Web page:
By Erin Gifford, Apr 2022
Erin Gifford is the author of Hiking with Kids Virginia: 52 Hikes for Families (FalconGuides). She also shares top hikes across the state for all levels on her website at GoHikeVirginia.com (plus, get social: Facebook • Twitter • Instagram).
I’ve lived in Virginia for a very long time. Yet, it wasn’t until the pandemic started that I really began to venture out into my own backyard in Loudoun County. Even all across Northern Virginia, exploring various state parks, green spaces, reservoirs, and hiking trails.
I had no idea that the Appalachian Trail could be picked up 30 minutes from my house in Ashburn. Soon, I was setting out every other day, often with my kids in tow, to see what there was to see. In Northern Virginia alone, there’s a lot to see and love, including many miles of hiking trails.
Then, I wrote a book, Hiking with Kids Virginia: 52 Hikes for Families, to share with fellow moms and dads where to get outside with their own kids in our state. As we all look to get outdoors more, here are eight of my favorite local family hikes.
The hike to Bears Den Overlook starts from a large parking area on Route 7 in Bluemont. Don’t be fooled, friends. The lot is large, but it can fill up quickly on fair-weather weekends. A forested connector trail leads to the iconic, white-blazed Appalachian Trail.
From here, it’s less than .5 miles to the west-facing Bears Den Overlook, which is the place to be for vibrantly-colored sunsets across the mountains. If you opt for a sunset hike, be sure to bring headlamps to light your way back to your car. This easy hike is less than 2 miles round-trip.
Riverbend Park to Great Falls
Great Falls, VA
Great Falls Park has long been a popular destination for families thanks to its massive green space filled with a sea of picnic tables and three dreamy overlooks for ogling its namesake falls. There are hiking trails at this national park, of course, but it’s also fun to hike in from Riverbend Park.
Riverbend Park is north of Great Falls Park and also sits on the banks of the Potomac River. An easy 1.8-mile hike (one-way) on the Potomac Heritage Trail leads to the waterfall overlooks. Plan to scramble rocks and cross wooden bridges. Stop for views at the Washington Aqueduct Dam.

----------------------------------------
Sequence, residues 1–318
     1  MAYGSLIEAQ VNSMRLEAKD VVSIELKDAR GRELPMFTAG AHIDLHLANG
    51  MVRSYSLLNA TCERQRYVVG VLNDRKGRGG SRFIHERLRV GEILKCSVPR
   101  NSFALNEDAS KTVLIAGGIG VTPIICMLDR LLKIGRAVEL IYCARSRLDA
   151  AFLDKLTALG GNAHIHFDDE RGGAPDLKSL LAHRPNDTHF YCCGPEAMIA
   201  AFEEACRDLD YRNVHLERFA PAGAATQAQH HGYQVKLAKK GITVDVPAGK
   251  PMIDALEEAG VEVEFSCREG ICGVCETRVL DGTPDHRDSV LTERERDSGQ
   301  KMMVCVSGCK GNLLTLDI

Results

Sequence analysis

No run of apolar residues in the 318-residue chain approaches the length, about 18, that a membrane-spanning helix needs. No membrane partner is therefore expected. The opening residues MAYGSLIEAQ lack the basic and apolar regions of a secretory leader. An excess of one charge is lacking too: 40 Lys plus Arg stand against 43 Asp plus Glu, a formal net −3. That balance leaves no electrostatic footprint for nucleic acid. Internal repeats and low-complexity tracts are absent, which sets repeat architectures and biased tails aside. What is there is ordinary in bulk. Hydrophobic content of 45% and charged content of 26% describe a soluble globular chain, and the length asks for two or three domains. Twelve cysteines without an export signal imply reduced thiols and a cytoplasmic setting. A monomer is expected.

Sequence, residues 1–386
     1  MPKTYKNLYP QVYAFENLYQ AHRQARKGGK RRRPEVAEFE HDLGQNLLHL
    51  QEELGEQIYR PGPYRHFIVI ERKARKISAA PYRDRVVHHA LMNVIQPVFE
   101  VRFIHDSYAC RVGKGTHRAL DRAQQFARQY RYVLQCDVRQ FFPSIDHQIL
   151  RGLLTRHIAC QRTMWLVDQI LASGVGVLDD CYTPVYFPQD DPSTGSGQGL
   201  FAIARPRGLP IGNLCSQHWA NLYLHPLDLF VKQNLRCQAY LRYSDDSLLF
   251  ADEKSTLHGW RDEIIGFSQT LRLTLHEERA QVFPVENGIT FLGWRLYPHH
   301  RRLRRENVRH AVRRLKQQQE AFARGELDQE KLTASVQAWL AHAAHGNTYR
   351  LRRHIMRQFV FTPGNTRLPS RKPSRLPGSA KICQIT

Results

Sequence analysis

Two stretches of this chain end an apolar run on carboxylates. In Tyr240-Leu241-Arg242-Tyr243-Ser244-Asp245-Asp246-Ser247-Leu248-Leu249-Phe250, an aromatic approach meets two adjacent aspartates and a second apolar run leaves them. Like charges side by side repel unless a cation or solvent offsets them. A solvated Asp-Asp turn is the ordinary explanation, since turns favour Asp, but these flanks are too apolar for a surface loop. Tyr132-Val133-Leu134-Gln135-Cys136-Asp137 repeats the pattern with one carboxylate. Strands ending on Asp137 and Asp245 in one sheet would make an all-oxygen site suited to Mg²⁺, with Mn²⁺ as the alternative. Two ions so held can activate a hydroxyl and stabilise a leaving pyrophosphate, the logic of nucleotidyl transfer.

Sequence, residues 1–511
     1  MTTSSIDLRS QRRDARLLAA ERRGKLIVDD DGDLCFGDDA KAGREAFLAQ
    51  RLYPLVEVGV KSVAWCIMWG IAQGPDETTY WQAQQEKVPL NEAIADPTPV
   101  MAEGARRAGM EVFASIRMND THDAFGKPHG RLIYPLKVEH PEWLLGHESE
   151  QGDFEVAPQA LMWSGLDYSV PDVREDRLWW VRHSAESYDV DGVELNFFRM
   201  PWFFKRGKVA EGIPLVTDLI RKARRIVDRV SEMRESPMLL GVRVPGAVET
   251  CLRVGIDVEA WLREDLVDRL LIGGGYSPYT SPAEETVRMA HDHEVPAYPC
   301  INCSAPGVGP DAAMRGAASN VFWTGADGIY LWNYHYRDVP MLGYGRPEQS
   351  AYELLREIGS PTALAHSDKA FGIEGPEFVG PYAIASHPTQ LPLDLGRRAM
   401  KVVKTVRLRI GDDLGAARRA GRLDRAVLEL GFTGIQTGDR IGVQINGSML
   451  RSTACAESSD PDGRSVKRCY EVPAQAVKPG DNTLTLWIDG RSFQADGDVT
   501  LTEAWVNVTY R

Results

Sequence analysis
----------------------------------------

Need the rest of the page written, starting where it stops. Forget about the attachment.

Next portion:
Turkey Run Park
The 3.9-mile loop hike at Turkey Run Park is a true favorite for kids, thanks to super-size boulders, splashy water crossings, and rock scrambles. Essentially located under the George Washington Memorial Parkway, you kind of have to know that it’s there.
The hike starts with a descent down at least 100 steps. Revel in all the refreshing views across the Potomac River before crossing Turkey Run. Plan to traverse a ravine on a three-inch-wide board, scramble rocks at Dead Run, and enjoy cascades and waterfalls before the end of this hike.
Theodore Roosevelt Island
The 1.9-mile loop hike along the perimeter of 89-acre Theodore Roosevelt Island starts in Arlington, though the island is officially located in Washington, DC. Still, it’s a kid-friendly hike with plenty of views and lots of education on our 26th president, Theodore Roosevelt.
The focal point is a 17-foot-tall bronze statue of President Theodore Roosevelt. You’ll also see four 21-foot-tall granite tablets inscribed with famous quotes. Bring your bikes or rent them from Capital Bikeshare. It’s a short three-mile bike ride to Gravelly Point Park to watch the planes land.
Bull Run Mountains Natural Area Preserve
Broad Run, VA
There are three family-friendly hiking trails at Bull Run Mountains Natural Area Preserve in Broad Run. They are the Beech Ridge Loop (Yellow), Fern Hollow Loop (Green), and Dawson’s Trail (Red). The 3.4-mile Fern Hollow Loop takes you all the way around the nature preserve.
There’s a lot to see on a forested hike, including a former ice house, an old wooden home, an abandoned mill, and historic family cemeteries (on Dawson’s Trail). Keep in mind that this natural area is only open to visitors on Fridays, Saturdays, and Sundays.
First Battle of Manassas Trail
When you want to get the kids outside, and you want to inject some education into a hike, look to Manassas National Battlefield Park. It’s such a two-for-one deal. On arrival, pick up Junior Ranger activity booklets in the park visitor center so your kids can earn a Junior Ranger badge.
A hike along the 5.5-mile First Battle of Manassas Trail starts just behind the visitor center. It’s hard to fathom that Union and Confederate armies clashed here more than 150 years ago, firing cannons and shooting rifles. Take time to explore field artillery along the battlefield trail.
Birch Bluff-Laurel Trail Loop
Prince William Forest Park in Triangle is a hidden gem that’s home to more than a dozen wooded trails, including the Laurel Trail Loop and Birch Bluff Trail. This easy 2.2-mile loop hike begins behind the park visitor center. Follow the yellow blazes, but keep your eyes open.
A short .4 miles into the hike, turn right onto the red-blazed Birch Bluff Trail. Kids will love watching the cascades and playing on a small rocky beach area along South Fork Quantico Creek. The hike ends at a section of picnic tables and a colorful playground for children.
Conway Robinson Forest
At 444-acre Conway Robinson State Forest, you can step foot on all four marked trails (Red, Orange, Yellow, Blue) or stick to the Blue Trail to circumnavigate the entire park. The 3.3-mile Blue Trail includes a walk through a large grove of old-growth hardwood trees.
Near the end of a clockwise hike on the Blue Trail, prepare to be entranced by a picturesque tunnel of towering loblolly pines and white pines. Bring a picnic lunch. There are plenty of picnic tables, as well as a welcome green space to let the kids run around after the hike.
Disclaimer: Events/opportunities are curated from public sources and are subject to changes/cancelations that might not be reflected on DullesMoms.com.#NOVAFamilyHikes